Some museums are much worse off than us, and we are aware of this. We need to be very realistic here. We must renew ourselves. It's similar to a salvage operation. In an emergency situation, you first go for the elements that are easiest to save. Once you save them, you then go for the ones that are in the greatest amount of danger. That is what you do in a salvage operation. Therefore, we need to make sure that we are not imperilling those who are strong; rather, we must use them. We might need to fortify them in order to make everyone else a little stronger. In my opinion, that would be a fairly interesting way to operate.
    Thank you.
    One thing is certain: Your restoration of a collector sewer to really draw the curiosity of people from all generations was exceptionally successful. On an operational level, it might have been hard to achieve. That being said, your ability to showcase the relationship between the past, the present and the future was an object lesson. All Canadian museums that have something historical to showcase would clearly benefit from your master class, should you ever give one. Congratulations.
    I have a question for Mr. Bull. I paid a visit to your museum last spring, and saw the Susan Point: Spindle Whorl exhibition. I was utterly fascinated and captivated. The exhibition was a significant attraction in Vancouver, British Columbia. I was also pleasantly surprised to see that my card from the Museum of Fine Arts granted me free access to the exhibition.
    At the federal level, could we try to support interest by including cards from certain museums in an accessible network? I find that Canada 150 could have advertised this a little better. I hope that museum attendance will continue to increase, and that visitors' interests will go beyond the norm, though we must capitalize on that norm as much as possible. Is the network between museums well known? Could it be better supported by the federal government?


     There already are in place certain exchange agreements between museums, whereby a membership in one museum allows you access to other museums across the country. There's no global program for every museum, but I think it's a very good idea. Of course, supporting museums in that way would be cost-efficient and would definitely generate an audience. I think it's a great idea.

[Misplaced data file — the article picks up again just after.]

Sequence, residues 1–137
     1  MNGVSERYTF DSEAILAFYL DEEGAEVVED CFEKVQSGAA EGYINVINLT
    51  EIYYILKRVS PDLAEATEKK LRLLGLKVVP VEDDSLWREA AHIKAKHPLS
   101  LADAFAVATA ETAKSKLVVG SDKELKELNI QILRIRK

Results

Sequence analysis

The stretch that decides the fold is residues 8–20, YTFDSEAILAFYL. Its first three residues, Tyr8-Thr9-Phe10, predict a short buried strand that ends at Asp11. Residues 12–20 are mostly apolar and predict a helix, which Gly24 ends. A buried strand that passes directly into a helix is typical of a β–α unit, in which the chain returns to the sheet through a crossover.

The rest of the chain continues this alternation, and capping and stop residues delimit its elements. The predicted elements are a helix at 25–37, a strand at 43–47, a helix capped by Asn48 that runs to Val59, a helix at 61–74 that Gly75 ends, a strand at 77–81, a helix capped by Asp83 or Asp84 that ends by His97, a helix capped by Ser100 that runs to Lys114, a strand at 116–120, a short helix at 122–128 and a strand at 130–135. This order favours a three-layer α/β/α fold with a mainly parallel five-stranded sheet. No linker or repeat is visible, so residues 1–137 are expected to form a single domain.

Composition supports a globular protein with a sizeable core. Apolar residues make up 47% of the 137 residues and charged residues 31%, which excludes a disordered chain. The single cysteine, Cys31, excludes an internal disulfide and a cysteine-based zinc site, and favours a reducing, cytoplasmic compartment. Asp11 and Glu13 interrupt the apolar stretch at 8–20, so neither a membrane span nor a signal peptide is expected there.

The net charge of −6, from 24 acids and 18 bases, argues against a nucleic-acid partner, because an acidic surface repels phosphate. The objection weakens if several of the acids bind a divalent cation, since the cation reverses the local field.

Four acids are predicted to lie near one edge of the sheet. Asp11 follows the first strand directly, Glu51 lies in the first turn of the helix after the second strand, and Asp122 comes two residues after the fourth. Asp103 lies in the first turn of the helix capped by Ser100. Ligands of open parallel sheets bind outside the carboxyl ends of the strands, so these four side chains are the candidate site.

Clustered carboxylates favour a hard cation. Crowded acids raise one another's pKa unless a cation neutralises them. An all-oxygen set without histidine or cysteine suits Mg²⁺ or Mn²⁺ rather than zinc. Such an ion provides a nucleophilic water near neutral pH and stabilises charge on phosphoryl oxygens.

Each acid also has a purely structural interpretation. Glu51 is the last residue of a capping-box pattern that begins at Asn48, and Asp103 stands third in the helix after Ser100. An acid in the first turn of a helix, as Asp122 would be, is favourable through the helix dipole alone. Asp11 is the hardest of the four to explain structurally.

Thank you.



    All right.


    We will now go to Mr. Hébert, who will have seven minutes.
    Thank you, Madam Chair.
    I would like to thank all the witnesses, and congratulate them for the quality of their presentations.
    My question is for the ladies from Pointe-à-Callière.
    We know that Pointe-à-Callière is one of Canada's great museums of archaeology. As mentioned on your website, it owes its development to the important archaeological discoveries made in Old Montreal in the 1980s. We know that the federal government was of some help to you for these archaeological discoveries, and that it surely helped you with your operations.
    As my colleague opposite noted, you made a very interesting suggestion for the four ways of helping the museum in the future. You also talked about a collaboration with Parks Canada in your latest discovery of artifacts. I do understand that organizing travelling exhibitions with archaeological sites almost cannot be done, because they are rather immobile. After all, Egypt's pyramids aren't going anywhere.
    Yes, but fortunately, we do have artifacts.
    My question is twofold.
    First, have specific funds been put aside for the project on the Parliament of the United Province of Canada?
    Second, your museum has a very important tool, the Yours Truly, Montréal multimedia show, which traces the history of the city. Do you think that museums, in order to maintain their attendance in an age where digital technology is developing, will increasingly need to present these types of shows and exhibits that use digital technology? People could visit the pyramids from their living rooms, for example. Do you think that we could emphasize on the development of this aspect a lot more in the years to come?
    I will answer the first question, and let my colleague answer the second.
    The specific funding we got for the work done on the Parliament of the United Province of Canada came from the Ville de Montréal and the ministère de la Culture et des Communications du Québec, but mostly from the Ville de Montréal. Last year, we did the last major excavation campaign. This was a massive project, costing $6 million dollars. The visitors got access to the site throughout the whole summer. More than 25,000 people visited the archaeological site. It was a great success.